I had an interesting and unusual interaction with a visitor to my place of employment (Ulysses S. Grant National Historic Site) the other day.
One of the main features in our park is a brief 16-minute film in the site’s Visitor Center theater. We typically run the film on request throughout the day for visitors seeking a basic background on U.S. Grant. The film does a fine job of illuminating Grant’s life experiences, but at the end of the day it’s the most “optional” aspect of the site experience. If you’re running short on time, you can probably skip it and still get a lot out of your experience via the historic house tour and museum.
We temporarily shut down the film for a few hours to accommodate a special program that took place in the theater this weekend. During that time a visitor walked in and immediately asked about watching the film. After telling her that we temporarily shut down the film she became visibly distraught, commenting that “I brought relatives from Denver to visit the site today! Had I known the film would be shut down we wouldn’t have come.”
How do you respond to this visitor in an appropriate manner?
I responded by saying that the historic White Haven estate (pictured above) is the reason the National Park Service is here at this site. There’s only one White Haven where you can learn about and walk in the same house that Ulysses Grant, Julia Dent Grant, Frederick Dent (Julia’s father), and Fredrick’s enslaved people lived and worked. You can watch literally hundreds of films about Grant on TV and online, but there’s only one place where you can take a ranger-led tour and connect important stories about our nation’s history to a tangible artifact like White Haven. The Park Service preserves and interprets history, nature, and culture throughout the United States, and it wouldn’t be around if they only showed films about history. While we regretted that the film was temporarily shut down, we hoped they would stay for a tour and watch the film once we got it going again after the conclusion of this special program.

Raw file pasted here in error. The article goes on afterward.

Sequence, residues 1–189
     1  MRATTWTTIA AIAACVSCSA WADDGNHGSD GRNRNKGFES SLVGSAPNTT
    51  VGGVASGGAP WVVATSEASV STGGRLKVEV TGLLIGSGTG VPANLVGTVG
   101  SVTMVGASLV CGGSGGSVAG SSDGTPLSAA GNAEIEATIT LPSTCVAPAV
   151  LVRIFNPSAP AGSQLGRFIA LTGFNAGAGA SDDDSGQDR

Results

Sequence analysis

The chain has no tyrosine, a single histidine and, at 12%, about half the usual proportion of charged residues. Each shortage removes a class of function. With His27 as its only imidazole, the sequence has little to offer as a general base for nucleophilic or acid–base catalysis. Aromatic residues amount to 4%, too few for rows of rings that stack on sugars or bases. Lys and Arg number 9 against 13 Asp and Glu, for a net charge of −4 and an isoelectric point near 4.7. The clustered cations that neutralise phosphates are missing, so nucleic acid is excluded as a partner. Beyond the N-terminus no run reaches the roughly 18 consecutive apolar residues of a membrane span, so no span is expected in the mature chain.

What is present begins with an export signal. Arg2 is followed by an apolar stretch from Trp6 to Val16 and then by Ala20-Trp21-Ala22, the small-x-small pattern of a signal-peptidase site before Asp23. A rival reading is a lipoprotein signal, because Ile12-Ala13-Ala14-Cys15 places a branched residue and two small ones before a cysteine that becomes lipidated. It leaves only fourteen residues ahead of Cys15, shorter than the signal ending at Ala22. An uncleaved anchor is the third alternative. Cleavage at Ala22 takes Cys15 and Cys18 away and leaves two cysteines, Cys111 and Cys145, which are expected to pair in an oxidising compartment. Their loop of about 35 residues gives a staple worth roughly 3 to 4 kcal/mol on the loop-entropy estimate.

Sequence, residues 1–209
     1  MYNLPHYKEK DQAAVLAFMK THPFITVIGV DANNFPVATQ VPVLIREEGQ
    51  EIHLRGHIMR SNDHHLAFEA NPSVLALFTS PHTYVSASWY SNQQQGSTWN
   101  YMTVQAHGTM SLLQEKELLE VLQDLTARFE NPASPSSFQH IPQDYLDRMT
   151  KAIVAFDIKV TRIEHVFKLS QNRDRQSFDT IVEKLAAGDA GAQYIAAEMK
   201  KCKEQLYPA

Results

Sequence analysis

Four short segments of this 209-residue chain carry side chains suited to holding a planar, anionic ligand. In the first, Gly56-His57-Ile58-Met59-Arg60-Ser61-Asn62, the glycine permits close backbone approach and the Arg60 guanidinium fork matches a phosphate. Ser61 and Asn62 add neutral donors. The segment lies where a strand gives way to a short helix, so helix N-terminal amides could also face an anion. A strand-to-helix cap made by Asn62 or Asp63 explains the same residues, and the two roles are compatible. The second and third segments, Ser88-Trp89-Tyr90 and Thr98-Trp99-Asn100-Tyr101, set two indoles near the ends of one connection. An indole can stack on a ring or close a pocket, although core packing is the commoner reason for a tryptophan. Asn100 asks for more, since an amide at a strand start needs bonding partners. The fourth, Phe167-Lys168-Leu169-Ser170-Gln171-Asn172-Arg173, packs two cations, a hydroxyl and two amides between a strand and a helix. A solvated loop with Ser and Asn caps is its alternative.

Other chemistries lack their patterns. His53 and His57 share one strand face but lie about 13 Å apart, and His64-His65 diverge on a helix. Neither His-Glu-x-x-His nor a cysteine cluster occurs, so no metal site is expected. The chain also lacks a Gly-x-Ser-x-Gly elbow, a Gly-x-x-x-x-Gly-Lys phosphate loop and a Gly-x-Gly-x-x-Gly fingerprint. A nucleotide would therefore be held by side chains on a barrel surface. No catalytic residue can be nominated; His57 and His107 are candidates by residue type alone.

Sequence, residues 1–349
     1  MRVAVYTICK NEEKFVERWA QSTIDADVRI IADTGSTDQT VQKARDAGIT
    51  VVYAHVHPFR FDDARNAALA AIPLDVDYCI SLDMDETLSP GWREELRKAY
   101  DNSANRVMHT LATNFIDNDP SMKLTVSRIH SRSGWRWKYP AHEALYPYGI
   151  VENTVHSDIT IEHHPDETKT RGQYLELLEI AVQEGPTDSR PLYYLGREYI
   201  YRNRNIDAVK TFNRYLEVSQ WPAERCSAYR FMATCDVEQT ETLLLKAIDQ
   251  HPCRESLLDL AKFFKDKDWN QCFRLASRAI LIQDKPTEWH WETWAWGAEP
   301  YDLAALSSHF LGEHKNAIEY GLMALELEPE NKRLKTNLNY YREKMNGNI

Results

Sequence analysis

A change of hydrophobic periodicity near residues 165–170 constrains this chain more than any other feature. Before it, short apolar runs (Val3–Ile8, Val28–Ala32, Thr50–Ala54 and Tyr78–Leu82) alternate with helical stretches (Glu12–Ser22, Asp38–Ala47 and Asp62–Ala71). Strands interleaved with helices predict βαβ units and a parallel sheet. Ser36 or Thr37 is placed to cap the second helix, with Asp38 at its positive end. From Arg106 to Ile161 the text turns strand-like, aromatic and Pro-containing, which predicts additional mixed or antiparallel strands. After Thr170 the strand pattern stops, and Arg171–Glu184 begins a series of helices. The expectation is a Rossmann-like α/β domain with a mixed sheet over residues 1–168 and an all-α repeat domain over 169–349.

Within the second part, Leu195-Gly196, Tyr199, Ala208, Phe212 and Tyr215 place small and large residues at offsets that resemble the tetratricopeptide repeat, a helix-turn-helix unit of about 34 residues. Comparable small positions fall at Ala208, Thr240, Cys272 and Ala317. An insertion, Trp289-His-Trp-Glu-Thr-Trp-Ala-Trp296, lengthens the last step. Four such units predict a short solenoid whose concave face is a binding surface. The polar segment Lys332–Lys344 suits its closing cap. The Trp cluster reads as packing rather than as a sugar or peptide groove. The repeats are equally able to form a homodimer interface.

There was a happy end to the story and the group thankfully took my response to heart. They stayed for a tour, spent time in the museum, and were able to watch the film later in the day. At the end of their visit they left a very kind message about our resources in our guestbook.
I don’t have any grand insights about this interaction, but it reminded me of the importance many visitors place on film as a way of understanding history. For historians like myself who invest a lot of stock in scholarly monographs and journal articles it is easy to forget that most people do not learn about history through those mediums. Feature-length historical dramas, reenactments, and documentaries–regardless of how “accurate” historians deem them to be–captivate wide, diverse audiences who often take them to be “what actually happened” in the past. Millions of people have seen “12 Years a Slave,” “Lincoln,” and/or “Django Unchained” on film over the past few years. By contrast, we will probably interact with about 40,000 visitors at ULSG this year, and maybe a few hundred or 1,000 people will read Ed Baptist’s new book about slavery in the next twelve months. As much as we want a large audience that reads innovate scholarship about the topics we care about, we must acknowledge the myriad ways people come to understand their past beyond books.
Within the context of public history (and more specifically the National Park Service), film plays an important role in helping visitors orient themselves to a site and its mission. Many visitors of all ages come to ULSG without any knowledge of Ulysses S. Grant or the Civil War, while others come with preconceived notions that were shaped by classroom experiences forty, fifty, and sixty years ago. They expect to see an orientation film that provides important information about a site and the history it interprets, and they consider these films an important part of their public history experiences.
P.S.: For those interested, Teresa Bergman’s Exhibiting Patriotism: Creating and Contesting Interpretations of American Historic Sites has some pretty good content about orientation films at public history sites and how they shape the historic narratives told at these places.